Though Nissan remains Japan’s second-biggest automaker with a wide gap ahead of Honda, the latter continues to outsell the former in the United States and at home, much to Nissan’s dismay
According Automotive News, Nissan’s global sales for 2013 increased 3 percent to 5.1 million units, while Honda’s rapid 12 percent growth in sales only managed 4.3 million units in the same period. Further, Nissan sold 86 percent of its 5.1 million vehicles — 4.4 million, to be exact — outside Japan, Honda doing as well by selling 3.5 million of its 4.3 million overseas. Overall, Nissan beat Honda in Europe, Mexico, China and most of Asia, yet lost to Honda in Japan and the U.S.
At home, the reason is due to Honda’s popular line of kei cars (all made in house), and all having undergone a total revamping as of late. Meanwhile, Nissan has partnered with Mitsubishi to make kei cars after years of farming out the practice to the former’s rivals. Though things appear to be looking up for Nissan, they will be looking up at Honda for a good while: Honda sold just over 400,000 kei cars in 2013 to Nissan’s 186,000, while also growing 27 percent in kei car sales against the latter’s 21 percent.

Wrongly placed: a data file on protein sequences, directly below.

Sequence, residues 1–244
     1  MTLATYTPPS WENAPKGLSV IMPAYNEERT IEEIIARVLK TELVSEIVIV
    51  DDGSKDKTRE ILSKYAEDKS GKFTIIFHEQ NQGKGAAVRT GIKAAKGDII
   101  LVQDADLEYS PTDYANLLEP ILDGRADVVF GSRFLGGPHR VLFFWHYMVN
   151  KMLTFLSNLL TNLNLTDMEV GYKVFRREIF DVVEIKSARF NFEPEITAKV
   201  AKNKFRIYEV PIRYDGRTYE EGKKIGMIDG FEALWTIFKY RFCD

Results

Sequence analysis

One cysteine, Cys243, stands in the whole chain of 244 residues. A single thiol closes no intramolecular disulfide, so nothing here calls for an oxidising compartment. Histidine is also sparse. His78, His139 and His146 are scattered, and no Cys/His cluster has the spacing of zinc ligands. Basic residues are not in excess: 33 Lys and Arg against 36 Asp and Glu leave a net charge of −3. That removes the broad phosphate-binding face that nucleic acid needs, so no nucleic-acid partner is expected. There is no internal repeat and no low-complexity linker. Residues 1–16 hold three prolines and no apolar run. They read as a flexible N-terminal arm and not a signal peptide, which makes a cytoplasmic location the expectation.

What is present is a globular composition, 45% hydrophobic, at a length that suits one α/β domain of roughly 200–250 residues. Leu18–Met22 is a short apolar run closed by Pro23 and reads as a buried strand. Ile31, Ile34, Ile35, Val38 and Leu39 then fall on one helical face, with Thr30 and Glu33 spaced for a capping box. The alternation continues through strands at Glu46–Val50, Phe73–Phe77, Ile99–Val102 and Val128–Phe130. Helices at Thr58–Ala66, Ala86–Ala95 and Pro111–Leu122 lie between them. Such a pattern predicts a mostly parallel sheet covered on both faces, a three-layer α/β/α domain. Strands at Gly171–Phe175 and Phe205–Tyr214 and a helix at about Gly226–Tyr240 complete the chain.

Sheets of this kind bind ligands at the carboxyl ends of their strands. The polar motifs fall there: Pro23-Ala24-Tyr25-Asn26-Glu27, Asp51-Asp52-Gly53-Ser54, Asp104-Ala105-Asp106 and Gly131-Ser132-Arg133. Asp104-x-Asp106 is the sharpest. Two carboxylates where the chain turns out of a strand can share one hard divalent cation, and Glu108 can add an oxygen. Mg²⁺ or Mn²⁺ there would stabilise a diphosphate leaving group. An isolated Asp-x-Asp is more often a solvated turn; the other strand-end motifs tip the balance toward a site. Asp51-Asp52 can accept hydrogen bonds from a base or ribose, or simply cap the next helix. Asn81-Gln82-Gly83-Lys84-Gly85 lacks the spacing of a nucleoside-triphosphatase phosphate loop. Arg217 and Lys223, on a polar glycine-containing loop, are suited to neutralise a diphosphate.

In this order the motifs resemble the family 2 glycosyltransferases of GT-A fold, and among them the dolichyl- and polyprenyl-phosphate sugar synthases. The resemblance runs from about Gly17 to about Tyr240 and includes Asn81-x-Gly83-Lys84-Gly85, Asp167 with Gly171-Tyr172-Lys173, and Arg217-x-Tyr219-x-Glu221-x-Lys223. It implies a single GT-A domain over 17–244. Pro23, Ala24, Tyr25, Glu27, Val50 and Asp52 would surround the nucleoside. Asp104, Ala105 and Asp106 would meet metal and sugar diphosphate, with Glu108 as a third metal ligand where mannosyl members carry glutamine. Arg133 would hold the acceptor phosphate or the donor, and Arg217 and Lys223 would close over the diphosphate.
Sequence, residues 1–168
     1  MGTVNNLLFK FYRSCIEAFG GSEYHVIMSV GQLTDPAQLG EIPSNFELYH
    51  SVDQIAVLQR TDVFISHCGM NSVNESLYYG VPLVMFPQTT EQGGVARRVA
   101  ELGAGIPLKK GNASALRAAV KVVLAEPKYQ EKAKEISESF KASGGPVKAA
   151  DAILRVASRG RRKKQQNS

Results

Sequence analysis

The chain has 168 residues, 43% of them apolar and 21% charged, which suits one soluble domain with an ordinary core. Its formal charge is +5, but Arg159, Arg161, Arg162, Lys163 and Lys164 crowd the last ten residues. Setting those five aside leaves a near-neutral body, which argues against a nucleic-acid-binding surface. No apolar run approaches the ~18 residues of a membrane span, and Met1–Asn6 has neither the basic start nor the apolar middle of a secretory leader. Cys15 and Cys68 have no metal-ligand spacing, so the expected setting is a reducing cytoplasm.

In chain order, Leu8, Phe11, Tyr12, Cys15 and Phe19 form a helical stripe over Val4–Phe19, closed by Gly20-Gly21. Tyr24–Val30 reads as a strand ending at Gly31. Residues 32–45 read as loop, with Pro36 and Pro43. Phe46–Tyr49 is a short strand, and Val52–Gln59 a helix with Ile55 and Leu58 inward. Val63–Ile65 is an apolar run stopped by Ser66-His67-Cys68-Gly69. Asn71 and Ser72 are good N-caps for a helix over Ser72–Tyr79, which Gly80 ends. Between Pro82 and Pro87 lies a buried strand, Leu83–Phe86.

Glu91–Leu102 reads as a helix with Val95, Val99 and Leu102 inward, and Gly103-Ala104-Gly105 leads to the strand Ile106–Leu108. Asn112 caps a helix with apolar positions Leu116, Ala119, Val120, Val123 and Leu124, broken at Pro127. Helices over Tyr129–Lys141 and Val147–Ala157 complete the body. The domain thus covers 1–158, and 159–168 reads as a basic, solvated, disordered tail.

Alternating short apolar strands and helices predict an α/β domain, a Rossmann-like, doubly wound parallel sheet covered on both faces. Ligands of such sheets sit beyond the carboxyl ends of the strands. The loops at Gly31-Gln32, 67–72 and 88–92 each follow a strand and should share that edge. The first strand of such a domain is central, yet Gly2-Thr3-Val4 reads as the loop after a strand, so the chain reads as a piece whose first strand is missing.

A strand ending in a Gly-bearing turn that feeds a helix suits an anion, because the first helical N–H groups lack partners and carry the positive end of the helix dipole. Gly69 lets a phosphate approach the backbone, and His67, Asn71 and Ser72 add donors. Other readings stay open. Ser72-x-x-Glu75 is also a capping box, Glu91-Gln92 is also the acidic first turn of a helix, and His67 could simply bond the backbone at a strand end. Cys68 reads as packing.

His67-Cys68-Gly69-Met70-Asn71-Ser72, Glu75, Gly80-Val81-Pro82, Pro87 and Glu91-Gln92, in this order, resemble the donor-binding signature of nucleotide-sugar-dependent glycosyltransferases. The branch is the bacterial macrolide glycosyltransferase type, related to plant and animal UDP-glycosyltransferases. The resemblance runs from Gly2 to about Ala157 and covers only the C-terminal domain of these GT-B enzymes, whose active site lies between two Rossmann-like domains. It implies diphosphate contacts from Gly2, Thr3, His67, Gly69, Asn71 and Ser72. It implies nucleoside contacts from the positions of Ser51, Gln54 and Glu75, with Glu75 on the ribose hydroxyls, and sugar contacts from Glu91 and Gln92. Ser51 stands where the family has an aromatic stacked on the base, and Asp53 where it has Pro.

Across the Pacific, Nissan is gaining on Honda’s other home turf, selling 1.2 million units for a 9 percent increase in sales against their rival’s 7 percent increase and 1.5 million units in 2013. Market share in the U.S. held at 9.8 percent for Honda while Nissan took a tenth of a percentage for an even 8 percent in the same period.
Though Honda has done well for itself since becoming the first Japanese auto manufacturer to build a factory in the United States back in 1982 for the Honda Accord — such as exporting more cars around the world from the U.S. than from Japan in 2013 for the first time ever — Nissan aims to turn up the heat through the tandem of new production coming from Mexico, and aggressive tactics devised by Nissan North America’s new chairman Jose Munoz, who is under standing orders to boost his employer’s share of the U.S. market to 10 percent.
Either way, both Honda and Nissan still have a ways to go to take on Toyota; the No. 1 Japanese and global automaker moved 9.98 million units worldwide in 2013.